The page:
Sunday, June 24, 2012

Birdman & Itsy Bitsy

Last week's Free Fridays special from Barnes & Noble was Mo Hayder's Birdman. Despite what my Goodreads account says, I haven't gotten around to reading The Map of Time by Felix Palma or Bag of Bones by Stephen King. Considering how my copy of Bag of Bones is over 750 pages long, I might not finish it...

Getting back to Birdman... This is a decidedly British book, and more than a couple of times, I wished I had even a rudimentary map of London and its surrounding environments.

The book itself was good, but incredibly... strange. I guess that would be a polite way of saying it. The book had some parts in it where I was screaming at my Nook to show me what the characters were looking at. I was surprised when the author showed who the killer was pretty quickly, and I was even more (pleasantly) surprised by the twists in the story. The author interwove seemingly random details about the characters that turned out to be important in the end, and, as fitting a series, some things about the main character, Detective Inspector Jack Caffery, were left unanswered.

All in all, the book had both good and bad sides.


If you really must get technical, I finished Itsy Bitsy before starting on Birdman. This short story by John Ajvide Lindqvist of Let the Right One In fame was decidedly weird, and I was left wondering what exactly I had read. I'm not completely sure if the main character was completely sane through the 30-some pages, and I felt like he was a little flat for my tastes. Then again, short stories don't have time for grandiose character development, so I won't begrudge Mr. Lindqvist.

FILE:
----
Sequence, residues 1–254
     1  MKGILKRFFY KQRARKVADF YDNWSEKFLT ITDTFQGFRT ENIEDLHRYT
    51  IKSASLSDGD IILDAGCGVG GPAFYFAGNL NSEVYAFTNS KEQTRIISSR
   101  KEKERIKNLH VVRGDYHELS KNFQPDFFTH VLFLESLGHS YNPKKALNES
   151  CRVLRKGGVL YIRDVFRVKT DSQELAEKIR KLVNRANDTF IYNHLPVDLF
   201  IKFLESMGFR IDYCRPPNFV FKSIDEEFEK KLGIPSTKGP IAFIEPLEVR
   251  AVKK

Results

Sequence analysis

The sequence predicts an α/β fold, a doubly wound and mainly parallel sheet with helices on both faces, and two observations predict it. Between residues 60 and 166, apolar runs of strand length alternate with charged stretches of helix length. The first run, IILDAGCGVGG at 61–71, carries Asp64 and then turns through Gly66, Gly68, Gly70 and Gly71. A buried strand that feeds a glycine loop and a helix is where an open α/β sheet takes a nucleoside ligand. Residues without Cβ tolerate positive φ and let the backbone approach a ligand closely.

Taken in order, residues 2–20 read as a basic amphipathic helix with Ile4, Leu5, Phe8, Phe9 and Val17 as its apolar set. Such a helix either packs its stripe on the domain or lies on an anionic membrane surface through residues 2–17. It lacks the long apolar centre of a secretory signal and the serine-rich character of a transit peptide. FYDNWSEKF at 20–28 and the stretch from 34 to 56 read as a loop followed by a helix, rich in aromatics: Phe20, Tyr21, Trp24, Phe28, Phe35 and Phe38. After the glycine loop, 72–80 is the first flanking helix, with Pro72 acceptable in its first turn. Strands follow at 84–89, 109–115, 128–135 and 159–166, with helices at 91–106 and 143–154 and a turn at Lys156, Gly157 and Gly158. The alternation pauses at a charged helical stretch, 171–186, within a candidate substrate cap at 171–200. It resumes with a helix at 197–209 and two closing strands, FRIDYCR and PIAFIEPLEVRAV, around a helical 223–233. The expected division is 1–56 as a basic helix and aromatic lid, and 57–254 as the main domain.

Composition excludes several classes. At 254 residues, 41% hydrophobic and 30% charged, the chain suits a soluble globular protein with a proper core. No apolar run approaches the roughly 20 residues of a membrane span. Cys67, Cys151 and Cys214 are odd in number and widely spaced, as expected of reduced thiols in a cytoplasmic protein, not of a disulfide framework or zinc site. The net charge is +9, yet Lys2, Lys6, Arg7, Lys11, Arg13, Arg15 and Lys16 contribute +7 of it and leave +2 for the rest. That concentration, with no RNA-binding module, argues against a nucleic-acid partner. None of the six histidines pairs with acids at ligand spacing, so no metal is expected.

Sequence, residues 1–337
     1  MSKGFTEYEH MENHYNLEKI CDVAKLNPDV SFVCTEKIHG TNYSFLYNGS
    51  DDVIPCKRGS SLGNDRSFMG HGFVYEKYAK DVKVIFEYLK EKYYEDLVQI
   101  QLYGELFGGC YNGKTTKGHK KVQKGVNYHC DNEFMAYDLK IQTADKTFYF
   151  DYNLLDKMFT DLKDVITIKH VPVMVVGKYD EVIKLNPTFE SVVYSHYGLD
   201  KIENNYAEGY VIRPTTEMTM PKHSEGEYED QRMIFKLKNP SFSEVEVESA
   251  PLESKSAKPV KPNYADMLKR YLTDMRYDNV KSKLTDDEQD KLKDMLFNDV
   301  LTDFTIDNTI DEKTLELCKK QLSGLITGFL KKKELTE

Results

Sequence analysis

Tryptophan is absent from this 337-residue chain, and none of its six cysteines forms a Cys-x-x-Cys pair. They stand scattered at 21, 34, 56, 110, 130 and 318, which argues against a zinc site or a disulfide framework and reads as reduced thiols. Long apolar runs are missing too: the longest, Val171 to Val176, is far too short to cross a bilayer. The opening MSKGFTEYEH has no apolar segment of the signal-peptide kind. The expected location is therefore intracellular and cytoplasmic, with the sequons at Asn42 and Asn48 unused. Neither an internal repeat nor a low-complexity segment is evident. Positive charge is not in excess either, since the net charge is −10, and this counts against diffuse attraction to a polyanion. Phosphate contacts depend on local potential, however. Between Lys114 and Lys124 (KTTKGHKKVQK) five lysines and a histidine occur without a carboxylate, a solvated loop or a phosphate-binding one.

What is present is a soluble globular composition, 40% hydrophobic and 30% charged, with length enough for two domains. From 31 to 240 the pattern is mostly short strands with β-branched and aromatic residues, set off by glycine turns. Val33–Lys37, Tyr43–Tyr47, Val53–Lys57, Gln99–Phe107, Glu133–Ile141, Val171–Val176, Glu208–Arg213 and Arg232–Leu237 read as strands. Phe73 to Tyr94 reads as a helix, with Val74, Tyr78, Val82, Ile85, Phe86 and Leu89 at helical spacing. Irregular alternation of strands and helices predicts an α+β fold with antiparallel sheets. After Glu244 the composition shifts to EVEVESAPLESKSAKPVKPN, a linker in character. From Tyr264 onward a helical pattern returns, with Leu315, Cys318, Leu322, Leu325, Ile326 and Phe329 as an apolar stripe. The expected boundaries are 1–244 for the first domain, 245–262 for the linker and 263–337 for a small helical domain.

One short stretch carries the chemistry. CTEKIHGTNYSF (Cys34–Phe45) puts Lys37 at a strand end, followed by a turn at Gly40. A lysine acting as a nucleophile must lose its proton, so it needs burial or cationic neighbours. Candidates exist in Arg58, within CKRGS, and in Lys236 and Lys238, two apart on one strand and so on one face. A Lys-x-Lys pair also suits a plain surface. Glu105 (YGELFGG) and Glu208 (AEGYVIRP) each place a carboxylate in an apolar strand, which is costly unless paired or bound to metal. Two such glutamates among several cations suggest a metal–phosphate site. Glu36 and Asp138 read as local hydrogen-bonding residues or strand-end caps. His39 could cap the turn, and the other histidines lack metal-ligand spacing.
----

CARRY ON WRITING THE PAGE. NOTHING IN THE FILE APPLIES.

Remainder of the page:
Thursday, June 7, 2012

Another Check off the Bucket List

I got to see the transit of Venus on Tuesday. So happy that I kept the eclipse glasses from the solar eclipse. I didn't get any good pictures this time (since my camera's only got 4x zoom), but I did see it with my "naked" eye. The picture on the left is essentially what I saw.

Considering that a child born for the next 5-25 years (assuming they live to 80) won't see another transit, I'm excited. It's a good time to be alive.

Sunday, June 3, 2012

Awesome Stuff on Mars

Last fall, I took a course called Fundamentals of Planetary Geology, taught by Dr. Ronald Greeley, whose death was actually the topic of one of my first posts. The majority of the grade came from a semester-long project focusing on some aspect of geology. I chose to do a review of the literature on potentially alluvial deltas in some craters on Mars. Not particularly exciting stuff, I'll admit.

Another student, Andrew Ryan, chose to study lava flows on Mars. He found strange spiral patterns in the flows. No one had ever seen these types of flows, called lava coils, before on another planet. They have been seen in Hawaii and near the Galapagos rift in the Pacific Ocean.

Ryan made his presentation, and some of the faculty helping to grade the presentations, since this was after Dr. Greeley's death, told him that he should polish up the report and send it into Science to try and get it published.

The SESE Source, a newsletter for the School of Earth and Space Exploration at ASU, announced that Ryan did indeed get published in Science on 27 April 2012. Here's a link to the article's abstract:
Coils and Polygonal Crust in the Athabasca Valles Region, Mars, as Evidence for a Volcanic History

That lucky bastard.